As one of the most popular marketing methods, native advertising is booming these days. It’s one of the most effective ways for brands and advertisers all over the world to expand their customers base and garner great brand awareness in an unobtrusive and non-aggressive manner. The versatility of this advertising method makes it possible to implement it in various different forms and shapes depending on the design and function of the serving platforms.
Native mimics its surrounding after all, so advertising platforms are continuously coming up with innovative ways to integrate native ads with their apps, websites, or services. If you’re looking to adopt native in your business’ advertising strategy, we strongly recommend you get familiar with native advertising definition and characteristics of the most-used native ad formats in the market right now. Keep reading to learn more.
What is native advertising?
Native ads to promote a business, product, or service without actually looking and sounding like an advertisement. Ads of this kind emulate the look, feel, and function of the environment they’re being served on and mainly appear like an organic post or a normal feature of the host. However, this doesn’t mean native deceives the audience by totally disguising as organic. To avoid confusion and misleading the audience, native ads always contain some sort of indicator that gives away their nature. This could be a tiny “Ad” badge or a “Sponsored” tag at the start or end of the ad.
As you might guess, native advertising has dozens of different shapes and forms since it could basically morph into whatever shape the serving platform wants. The first instance of native ads emerged in the early 20th century, when publications start promoting brand through pieces that sounded like genuine journalistic articles. The whole concept began to take shape at this time; Native ads were promotion that didn’t look like promotions and actually tried to bring value to the audience. The core objective remains the same today, only with plenty more ways to achieve it.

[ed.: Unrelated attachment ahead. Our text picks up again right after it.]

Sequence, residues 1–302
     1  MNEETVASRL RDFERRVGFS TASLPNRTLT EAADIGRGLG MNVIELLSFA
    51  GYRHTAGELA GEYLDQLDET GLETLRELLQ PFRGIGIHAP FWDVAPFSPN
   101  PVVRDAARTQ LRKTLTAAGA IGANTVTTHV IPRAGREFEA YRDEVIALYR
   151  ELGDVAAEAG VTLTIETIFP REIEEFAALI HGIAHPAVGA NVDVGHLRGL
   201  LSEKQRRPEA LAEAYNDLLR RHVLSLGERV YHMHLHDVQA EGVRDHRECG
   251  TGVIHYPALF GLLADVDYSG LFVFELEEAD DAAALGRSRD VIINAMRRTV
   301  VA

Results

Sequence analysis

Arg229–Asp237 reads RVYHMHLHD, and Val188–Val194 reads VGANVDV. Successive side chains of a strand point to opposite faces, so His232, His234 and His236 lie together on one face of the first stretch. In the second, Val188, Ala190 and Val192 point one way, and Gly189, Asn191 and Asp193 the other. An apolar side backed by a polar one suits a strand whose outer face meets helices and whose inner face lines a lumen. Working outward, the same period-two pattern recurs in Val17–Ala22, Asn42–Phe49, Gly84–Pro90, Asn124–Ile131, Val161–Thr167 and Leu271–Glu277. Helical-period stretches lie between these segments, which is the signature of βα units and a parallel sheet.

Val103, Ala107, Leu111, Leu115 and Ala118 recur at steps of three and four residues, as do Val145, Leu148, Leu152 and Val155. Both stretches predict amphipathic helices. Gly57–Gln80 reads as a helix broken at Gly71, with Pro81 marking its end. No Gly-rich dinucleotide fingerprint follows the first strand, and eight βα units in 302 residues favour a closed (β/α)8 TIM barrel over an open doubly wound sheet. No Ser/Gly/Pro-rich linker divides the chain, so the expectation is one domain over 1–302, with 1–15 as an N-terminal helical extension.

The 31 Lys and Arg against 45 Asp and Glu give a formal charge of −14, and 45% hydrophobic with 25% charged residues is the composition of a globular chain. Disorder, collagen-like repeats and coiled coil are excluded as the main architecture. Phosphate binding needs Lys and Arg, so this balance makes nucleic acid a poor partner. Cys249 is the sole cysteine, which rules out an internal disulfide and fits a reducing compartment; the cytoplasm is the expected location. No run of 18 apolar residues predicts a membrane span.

Why native ads?
Native advertising tackles a very serious problem that plagues the advertising industry: Ad fatigue. In simple terms, people who are at the receiving end of campaigns get exhausted of seeing so many ads both in the real and virtual world. Companies are constantly fighting over customers’ time and attention, and dozens of different ad formats and methods are invented to help them reach people through different angles. Ad fatigue causes people to develop some kind of immunity to ads. They ignore any ads they encounter in their everyday lives, or worse, actively try to block them, resulting in significant drops in engagement and conversion rates.
Native advertising is non-disruptive in its nature since it blends in with the surrounding environment perfectly. This is not just in the looks; An important part of native is providing value to users by helping them solve an issue, educate them in an important matter, giving them a cool feature (like branded stickers), or simply entertaining them. Surprisingly, people are way kinder to native ads than other ad formats. Even though the audiences know they’re seeing an ad, the value they gain and the fact that their online experience isn’t ruined by it makes them actually engage with native ads. Luckily, native ads are available across several advertising platforms and networks in different shapes, all of which are designed to help you better reach your customers and establish a closer connection with them.
Native advertising formats
Although native ads could have almost any shape depending on where they’re served on, here are the most common native ad formats:
Paid search results